Research and Publications Header
RESEARCH AND PUBLICATIONS
Teams of academics and other partners are leading marine debris research that answers questions about marine debris types, impacts, and solutions in the Pacific Islands. Research papers, reports, and other technical publications are available below.
Marine Debris Content Portlet
The principle purpose of this report is to provide recommendations, advice and practical guidance, for the establishment of programmes to monitor and assess the distribution and abundance of plastic litter, also referred to as plastic debris, in the ocean. The intention is to promote a more harmonised approach to the design of sampling programmes, the selection of appropriate indicators (i.e. type of sample), the collection of samples or observations, the characterisation of sampled material, dealing with uncertainties, data analysis and reporting the results and also to inform the establishment of national and regional field monitoring programmes.
Marine debris is a pervasive pollution problem that impacts all corners of the globe. Sometimes, debris ends up in places that require innovative thinking in order to remove. Check out some of these projects that implemented unique or developed best management practices for removing debris from the environment.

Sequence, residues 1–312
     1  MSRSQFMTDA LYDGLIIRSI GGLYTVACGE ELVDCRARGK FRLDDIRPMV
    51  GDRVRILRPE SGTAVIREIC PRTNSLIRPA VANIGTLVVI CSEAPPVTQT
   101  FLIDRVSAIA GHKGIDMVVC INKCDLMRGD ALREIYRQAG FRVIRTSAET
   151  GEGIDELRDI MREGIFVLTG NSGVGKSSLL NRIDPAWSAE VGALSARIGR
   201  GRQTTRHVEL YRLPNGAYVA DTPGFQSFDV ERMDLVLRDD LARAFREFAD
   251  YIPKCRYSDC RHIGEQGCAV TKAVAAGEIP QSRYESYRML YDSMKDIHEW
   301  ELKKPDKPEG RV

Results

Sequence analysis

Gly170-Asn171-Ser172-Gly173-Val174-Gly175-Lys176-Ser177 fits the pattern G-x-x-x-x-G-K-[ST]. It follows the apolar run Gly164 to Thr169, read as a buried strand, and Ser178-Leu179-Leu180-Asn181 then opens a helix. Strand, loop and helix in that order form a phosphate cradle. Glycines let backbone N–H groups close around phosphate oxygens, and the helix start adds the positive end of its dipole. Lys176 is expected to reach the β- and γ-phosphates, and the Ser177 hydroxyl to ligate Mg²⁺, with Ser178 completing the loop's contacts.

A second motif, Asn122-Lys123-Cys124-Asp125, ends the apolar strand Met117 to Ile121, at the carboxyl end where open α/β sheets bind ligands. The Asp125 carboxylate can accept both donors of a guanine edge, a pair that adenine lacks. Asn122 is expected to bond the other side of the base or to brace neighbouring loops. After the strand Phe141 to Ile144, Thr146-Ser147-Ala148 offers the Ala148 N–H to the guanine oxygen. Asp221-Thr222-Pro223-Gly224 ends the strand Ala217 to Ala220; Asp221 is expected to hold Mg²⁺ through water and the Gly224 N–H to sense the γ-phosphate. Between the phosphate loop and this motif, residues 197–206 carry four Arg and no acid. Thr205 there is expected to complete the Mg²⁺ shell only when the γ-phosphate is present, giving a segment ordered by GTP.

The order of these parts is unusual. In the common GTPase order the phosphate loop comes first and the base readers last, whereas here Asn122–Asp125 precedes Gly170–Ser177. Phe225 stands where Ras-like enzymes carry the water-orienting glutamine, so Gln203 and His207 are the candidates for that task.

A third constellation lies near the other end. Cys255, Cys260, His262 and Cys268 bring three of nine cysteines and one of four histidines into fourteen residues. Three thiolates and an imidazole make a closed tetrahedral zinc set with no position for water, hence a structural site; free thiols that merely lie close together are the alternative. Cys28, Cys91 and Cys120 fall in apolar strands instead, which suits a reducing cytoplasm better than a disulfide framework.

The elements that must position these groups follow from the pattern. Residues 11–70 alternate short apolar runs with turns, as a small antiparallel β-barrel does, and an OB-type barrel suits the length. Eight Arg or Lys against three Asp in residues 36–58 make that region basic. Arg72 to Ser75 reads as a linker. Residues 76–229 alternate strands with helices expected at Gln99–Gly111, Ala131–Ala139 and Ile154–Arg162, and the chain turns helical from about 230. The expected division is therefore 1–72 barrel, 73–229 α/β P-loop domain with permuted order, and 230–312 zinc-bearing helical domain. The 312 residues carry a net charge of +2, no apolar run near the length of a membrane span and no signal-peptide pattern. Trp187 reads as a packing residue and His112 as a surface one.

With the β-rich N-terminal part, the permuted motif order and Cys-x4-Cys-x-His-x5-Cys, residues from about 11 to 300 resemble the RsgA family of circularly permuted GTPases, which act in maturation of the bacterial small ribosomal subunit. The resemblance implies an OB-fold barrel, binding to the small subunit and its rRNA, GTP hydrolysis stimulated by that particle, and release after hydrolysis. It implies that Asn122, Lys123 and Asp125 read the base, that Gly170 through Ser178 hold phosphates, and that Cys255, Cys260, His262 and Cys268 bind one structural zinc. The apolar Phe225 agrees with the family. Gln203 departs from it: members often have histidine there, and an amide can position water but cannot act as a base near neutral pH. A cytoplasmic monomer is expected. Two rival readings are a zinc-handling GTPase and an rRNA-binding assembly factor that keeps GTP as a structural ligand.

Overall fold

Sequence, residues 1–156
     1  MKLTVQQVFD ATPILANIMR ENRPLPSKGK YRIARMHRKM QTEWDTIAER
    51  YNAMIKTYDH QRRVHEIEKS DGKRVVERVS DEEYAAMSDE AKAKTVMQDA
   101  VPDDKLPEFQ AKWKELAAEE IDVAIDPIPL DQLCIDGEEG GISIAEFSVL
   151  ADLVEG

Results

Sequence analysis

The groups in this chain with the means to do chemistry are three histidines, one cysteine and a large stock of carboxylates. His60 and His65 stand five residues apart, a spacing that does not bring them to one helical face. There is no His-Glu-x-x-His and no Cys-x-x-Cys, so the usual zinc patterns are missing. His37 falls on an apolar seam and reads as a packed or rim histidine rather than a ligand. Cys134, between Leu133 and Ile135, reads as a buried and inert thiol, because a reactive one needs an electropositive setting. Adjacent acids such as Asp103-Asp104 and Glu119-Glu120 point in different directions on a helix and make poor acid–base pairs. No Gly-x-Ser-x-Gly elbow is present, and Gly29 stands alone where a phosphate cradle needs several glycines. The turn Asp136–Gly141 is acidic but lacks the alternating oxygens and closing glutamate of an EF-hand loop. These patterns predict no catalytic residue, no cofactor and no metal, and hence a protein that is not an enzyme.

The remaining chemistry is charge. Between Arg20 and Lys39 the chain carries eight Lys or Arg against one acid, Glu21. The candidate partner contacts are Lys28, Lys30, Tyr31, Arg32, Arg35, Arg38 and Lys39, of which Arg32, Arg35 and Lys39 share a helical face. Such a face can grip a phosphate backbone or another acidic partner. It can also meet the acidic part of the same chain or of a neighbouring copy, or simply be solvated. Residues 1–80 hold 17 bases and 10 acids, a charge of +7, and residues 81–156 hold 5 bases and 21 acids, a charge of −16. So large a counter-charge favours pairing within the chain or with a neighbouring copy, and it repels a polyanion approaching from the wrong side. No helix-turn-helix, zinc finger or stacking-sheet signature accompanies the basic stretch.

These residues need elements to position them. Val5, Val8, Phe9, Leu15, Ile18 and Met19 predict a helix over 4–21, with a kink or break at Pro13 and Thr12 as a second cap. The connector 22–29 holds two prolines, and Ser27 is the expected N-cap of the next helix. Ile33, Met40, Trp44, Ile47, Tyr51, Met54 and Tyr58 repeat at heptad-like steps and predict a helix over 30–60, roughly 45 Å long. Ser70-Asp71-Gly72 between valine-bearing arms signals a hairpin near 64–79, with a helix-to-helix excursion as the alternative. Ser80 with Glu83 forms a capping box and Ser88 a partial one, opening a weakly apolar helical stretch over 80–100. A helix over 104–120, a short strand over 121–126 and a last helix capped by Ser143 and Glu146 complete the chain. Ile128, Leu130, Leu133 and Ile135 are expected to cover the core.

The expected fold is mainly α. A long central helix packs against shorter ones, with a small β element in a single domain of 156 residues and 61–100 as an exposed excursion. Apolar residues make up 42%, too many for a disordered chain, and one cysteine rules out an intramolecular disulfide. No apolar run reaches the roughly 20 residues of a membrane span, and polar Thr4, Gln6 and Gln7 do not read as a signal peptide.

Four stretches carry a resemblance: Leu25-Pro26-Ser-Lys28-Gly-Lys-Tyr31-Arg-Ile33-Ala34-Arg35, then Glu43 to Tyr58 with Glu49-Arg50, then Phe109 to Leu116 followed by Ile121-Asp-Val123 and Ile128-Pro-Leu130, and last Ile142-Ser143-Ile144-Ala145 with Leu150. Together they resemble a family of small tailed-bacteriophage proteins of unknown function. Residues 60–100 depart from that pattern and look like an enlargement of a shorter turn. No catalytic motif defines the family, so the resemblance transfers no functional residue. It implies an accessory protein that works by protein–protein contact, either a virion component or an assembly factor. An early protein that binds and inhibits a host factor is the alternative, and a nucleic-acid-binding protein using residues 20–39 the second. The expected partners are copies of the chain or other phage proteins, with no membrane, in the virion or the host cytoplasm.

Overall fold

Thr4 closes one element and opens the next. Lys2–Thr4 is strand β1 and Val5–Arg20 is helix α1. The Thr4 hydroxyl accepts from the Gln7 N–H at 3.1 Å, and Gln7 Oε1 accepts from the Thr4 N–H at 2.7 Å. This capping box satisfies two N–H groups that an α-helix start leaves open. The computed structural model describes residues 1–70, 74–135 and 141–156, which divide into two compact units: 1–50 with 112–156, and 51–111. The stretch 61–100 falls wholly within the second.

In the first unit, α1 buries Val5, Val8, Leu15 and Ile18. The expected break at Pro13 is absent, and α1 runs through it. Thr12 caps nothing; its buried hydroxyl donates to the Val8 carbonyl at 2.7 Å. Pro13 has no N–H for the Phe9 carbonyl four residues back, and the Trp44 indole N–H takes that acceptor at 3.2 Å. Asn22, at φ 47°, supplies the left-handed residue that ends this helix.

Marine debris is a persistent problem in many coastal areas of the United States. There are a variety of potential economic losses associated with marine debris, including effects on commercial fisheries, effects on waterfront property values, costs incurred by local governments and volunteer organizations to remove and dispose of marine debris, and more general “existence” values reflecting the public’s preference for a clean environment. This study evaluates two types of economic loss that result from the effects of marine debris on beach recreation: the loss of recreational value to beach visitors, and the regional economic impact from reduced spending on beach visits in a particular region.
The NOAA Marine Debris Program has developed standardized, statistically valid methodologies for conducting rapid assessments of the debris material type and quantity present in a monitored location. The monitoring guidelines in this document focus on abundance, types, and concentration on shorelines, in surface waters, during visual surveys at sea, and in the benthos.
The purpose of this project was to quantify microplastic loads at single sites on selected beaches at a continental scale to better understand microplastic distribution. Six sites were sampled in the Great Lakes Region.